Researchers have developed an AI model which deciphered texts missing from ancient Greek inscriptions and even dated them.
Machine learning is increasingly offering us new techniques to understand the past.
Now, research reveals that artificial intelligence (AI) could bring ancient texts to life too.
Writing in the journal Nature, a group of researchers reported how they built an AI system that can fill in gaps in ancient Greek inscriptions and locate where and when they're from.
Nicknamed Ithaca – after the Greek island that was home to the legendary King Odysseus – the model is a deep neural network architecture trained to simultaneously perform the tasks of textual restoration, geographical attribution and chronological attribution.
The research team fed Ithaca more than 63,000 transcribed ancient Greek inscriptions, enabling it to decipher patterns in the order of letters and words, including associations between words and phrases as well as a text’s age and provenance.
Overall, the model was 62 percent accurate when restoring letters in damaged texts. In can attribute an inscription’s geographic origins to one of 84 regions in the ancient world with 71 percent accuracy and can data a text to within 30 years on average of its known year of writing.
“Ithaca is to our knowledge the first model to tackle the three central tasks in the epigrapher’s workflow holistically,” the study’s authors said.
“It is our hope that this work may set a new standard for the field of digital epigraphy, by using advanced deep learning architectures to support the work of ancient historians.”
“Just as microscopes and telescopes have extended the range of what scientists can do today, Ithaca aims to singularly augment and expand the capabilities to study one of the most significant periods of human history,” said Dr Yannis Assael, co-author of the work from AI firm DeepMind.
Researchers highlighted the model’s flexibility, claiming that it can be applied to any ancient language from Latin, Mayan to Cuneiform. It also might be possible to train the system on Greek literary texts written on fragments of papyrus, which might shed light on the writings of poets like Sappho.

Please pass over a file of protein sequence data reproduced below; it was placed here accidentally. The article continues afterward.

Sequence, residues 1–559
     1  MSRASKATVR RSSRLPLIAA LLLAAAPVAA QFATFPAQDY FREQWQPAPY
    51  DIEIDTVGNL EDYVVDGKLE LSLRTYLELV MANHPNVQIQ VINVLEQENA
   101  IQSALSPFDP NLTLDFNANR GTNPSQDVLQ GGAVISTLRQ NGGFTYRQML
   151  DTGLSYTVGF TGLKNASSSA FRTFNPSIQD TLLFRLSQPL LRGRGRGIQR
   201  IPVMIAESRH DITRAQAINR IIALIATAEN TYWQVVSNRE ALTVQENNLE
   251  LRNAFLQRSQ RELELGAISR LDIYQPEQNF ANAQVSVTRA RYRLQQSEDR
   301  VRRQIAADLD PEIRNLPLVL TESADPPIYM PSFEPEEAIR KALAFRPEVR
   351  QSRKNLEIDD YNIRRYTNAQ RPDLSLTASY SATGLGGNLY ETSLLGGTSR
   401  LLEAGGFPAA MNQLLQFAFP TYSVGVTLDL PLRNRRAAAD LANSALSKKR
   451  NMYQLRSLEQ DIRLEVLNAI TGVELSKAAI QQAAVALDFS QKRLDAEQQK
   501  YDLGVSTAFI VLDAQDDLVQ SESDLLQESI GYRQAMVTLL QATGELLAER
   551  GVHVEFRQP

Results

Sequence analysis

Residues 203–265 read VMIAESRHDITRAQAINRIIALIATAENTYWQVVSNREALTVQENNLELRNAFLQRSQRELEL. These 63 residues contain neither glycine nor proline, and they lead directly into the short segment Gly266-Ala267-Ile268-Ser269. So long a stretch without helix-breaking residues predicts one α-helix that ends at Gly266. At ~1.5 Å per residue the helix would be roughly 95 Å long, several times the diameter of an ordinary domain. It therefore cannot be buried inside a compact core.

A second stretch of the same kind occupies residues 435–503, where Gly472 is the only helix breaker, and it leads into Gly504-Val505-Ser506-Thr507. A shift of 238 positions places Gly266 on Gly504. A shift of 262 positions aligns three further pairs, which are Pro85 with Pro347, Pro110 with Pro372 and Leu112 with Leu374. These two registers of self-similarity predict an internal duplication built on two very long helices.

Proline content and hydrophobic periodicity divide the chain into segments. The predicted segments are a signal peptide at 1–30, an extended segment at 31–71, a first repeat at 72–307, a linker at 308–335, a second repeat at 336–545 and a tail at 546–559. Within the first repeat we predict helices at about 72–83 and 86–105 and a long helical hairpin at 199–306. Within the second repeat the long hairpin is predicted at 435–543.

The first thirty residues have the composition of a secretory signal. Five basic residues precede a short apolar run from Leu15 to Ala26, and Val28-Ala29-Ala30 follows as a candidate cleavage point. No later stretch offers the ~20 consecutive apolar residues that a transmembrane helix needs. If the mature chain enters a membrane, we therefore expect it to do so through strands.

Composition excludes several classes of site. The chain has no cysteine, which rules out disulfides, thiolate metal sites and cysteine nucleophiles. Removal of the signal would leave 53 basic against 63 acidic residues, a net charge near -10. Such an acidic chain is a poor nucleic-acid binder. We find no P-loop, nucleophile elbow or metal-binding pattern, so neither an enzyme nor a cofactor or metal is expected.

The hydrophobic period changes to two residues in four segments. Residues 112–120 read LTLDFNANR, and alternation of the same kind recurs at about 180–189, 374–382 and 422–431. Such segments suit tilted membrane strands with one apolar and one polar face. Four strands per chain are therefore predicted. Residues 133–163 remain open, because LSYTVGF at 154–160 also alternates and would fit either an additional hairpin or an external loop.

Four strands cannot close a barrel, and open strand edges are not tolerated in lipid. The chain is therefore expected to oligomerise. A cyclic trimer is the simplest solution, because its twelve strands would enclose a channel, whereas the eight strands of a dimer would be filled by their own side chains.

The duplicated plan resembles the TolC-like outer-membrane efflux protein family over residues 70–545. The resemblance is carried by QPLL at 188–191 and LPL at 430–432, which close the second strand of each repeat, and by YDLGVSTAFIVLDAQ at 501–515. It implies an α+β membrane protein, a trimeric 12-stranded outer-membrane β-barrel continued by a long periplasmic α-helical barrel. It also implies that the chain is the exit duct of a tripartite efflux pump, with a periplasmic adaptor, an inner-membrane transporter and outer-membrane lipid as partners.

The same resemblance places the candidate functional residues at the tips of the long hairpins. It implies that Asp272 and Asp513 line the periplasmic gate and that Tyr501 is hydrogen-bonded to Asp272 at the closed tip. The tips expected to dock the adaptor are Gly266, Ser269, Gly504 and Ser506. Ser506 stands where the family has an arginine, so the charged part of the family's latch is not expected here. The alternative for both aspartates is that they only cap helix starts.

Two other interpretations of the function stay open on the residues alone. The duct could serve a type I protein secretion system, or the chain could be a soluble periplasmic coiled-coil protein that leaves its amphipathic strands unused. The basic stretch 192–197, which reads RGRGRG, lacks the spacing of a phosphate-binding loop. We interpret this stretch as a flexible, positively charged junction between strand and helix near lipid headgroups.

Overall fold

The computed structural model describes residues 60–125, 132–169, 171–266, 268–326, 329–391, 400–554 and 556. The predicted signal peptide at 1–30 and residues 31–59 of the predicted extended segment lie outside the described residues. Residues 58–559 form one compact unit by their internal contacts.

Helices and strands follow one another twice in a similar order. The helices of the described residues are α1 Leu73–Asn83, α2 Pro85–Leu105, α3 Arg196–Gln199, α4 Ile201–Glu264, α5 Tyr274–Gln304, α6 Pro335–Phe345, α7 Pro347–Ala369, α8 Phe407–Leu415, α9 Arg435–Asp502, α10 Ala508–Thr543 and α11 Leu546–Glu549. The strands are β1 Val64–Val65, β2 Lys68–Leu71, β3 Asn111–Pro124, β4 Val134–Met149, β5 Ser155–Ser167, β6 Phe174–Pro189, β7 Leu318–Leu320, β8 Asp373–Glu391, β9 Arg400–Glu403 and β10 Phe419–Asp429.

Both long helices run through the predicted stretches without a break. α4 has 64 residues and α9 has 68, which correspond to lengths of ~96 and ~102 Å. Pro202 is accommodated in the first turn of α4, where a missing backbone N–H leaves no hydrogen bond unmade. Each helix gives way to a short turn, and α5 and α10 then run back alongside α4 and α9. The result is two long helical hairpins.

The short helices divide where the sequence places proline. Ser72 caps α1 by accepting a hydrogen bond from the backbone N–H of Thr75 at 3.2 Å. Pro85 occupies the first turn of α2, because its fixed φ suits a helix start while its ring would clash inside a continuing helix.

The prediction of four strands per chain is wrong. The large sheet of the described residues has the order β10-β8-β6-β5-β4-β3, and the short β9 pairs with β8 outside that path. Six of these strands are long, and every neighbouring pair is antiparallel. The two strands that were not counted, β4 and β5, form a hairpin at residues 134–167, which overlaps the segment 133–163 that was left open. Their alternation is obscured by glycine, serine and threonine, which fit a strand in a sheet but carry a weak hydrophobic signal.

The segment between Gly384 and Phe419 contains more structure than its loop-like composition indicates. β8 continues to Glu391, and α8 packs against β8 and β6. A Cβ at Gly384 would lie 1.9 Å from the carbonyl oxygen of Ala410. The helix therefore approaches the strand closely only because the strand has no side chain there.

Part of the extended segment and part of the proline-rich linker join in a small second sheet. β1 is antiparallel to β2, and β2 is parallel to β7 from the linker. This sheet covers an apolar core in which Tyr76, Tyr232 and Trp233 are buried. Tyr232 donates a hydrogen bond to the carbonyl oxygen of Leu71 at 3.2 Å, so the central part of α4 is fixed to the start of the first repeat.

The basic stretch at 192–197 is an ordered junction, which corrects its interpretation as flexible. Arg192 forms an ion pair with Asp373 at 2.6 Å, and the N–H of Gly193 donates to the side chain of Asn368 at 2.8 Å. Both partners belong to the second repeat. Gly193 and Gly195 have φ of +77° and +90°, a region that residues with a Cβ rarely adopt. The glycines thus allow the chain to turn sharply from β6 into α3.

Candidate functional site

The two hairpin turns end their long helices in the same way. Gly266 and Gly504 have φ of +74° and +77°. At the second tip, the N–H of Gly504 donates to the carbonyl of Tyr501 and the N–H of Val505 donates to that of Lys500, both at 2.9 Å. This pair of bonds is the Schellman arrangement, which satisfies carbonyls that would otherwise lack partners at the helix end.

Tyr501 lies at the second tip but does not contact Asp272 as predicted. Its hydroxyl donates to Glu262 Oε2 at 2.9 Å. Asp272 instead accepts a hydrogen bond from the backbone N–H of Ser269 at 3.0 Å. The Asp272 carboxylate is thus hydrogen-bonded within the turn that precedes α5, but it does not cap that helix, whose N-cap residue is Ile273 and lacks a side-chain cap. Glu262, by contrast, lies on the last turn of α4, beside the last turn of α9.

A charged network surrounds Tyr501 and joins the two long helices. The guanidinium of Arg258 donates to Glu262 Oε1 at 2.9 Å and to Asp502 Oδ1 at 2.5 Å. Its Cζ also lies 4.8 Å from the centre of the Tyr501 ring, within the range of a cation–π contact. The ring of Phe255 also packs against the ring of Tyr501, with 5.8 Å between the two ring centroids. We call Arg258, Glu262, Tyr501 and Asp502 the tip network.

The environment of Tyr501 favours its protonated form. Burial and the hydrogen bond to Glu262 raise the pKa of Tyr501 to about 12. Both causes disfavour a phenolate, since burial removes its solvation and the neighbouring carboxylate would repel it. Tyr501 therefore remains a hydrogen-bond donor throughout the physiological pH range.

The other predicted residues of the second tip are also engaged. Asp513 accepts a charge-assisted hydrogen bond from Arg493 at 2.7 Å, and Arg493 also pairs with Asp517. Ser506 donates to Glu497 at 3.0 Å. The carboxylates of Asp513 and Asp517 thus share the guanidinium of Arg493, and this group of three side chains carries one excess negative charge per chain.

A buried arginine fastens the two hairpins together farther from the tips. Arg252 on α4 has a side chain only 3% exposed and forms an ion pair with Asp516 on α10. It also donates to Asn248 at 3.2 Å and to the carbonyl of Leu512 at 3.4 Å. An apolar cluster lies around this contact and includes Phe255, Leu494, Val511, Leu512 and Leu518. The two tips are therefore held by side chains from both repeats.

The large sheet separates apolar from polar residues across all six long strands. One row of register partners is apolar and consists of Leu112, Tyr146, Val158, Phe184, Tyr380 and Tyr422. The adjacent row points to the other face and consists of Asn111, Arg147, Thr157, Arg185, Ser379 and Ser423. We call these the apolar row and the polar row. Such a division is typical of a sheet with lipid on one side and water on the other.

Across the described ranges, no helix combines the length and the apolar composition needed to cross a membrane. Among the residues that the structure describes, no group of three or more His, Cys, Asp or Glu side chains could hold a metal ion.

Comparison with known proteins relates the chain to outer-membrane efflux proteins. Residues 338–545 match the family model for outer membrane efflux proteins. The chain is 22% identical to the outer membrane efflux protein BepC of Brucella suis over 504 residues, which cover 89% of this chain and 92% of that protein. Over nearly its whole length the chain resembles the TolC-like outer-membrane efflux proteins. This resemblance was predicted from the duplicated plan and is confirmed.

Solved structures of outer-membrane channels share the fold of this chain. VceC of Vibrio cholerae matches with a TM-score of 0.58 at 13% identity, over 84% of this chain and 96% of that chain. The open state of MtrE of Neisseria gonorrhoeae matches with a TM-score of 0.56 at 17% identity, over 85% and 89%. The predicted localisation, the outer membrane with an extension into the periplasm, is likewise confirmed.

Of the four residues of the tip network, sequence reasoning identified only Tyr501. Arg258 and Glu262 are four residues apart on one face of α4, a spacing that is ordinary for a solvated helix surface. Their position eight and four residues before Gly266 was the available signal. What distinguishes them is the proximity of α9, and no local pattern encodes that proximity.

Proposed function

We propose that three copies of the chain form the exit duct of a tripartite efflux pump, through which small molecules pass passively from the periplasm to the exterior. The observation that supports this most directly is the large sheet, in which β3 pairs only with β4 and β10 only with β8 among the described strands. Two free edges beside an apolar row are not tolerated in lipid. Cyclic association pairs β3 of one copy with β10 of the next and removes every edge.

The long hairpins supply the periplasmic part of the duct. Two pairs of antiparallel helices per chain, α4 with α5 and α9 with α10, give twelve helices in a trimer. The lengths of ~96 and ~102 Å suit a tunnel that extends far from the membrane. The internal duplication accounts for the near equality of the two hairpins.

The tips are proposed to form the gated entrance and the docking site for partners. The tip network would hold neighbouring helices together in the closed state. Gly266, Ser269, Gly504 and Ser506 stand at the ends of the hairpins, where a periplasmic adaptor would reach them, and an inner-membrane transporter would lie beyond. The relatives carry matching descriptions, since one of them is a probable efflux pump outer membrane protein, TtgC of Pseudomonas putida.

Dr Thea Sommerschield, co-author of the research at Ca’ Foscari University of Venice and Harvard University, said inscriptions were important as they were written directly by ancient people and were evidence of the thought, language, society and history of past civilisations.
“But most surviving inscriptions have been damaged over the centuries. So their texts are now fragmentary or illegible,” she said, adding that they may also have been moved from their original location, while methods such as radiocarbon dating were unusable on materials such as stone.
Researchers also said Ithaca had been applied to date a set of decrees found on the Acropolis of Athens. One of them – related to a collection of tributes during the Athenian empire – was dated to 424 BC rather than 448-7BC as was previously thought.
“Although it might seem like a small difference, this 30-year shift has momentous repercussions for our understanding of the political history of classical Athens, and helps us better align literary sources – such as Thucydides’ account of these years and events – with the epigraphic record,” said Sommerschield.
While promising so far, it’s important to note that AI models like Ithaca are not capable of operating independently of human expertise.
Professor Peter Liddel, an expert in Greek history and epigraphy at the University of Manchester, cautioned that like scholars, AI was limited by gaps in the ancient record.
“AI is only powerful as a tool to help us ask questions about, and make comparisons to, the existing evidence, he said.
The Ithaca software and its open-source code is available online for public use.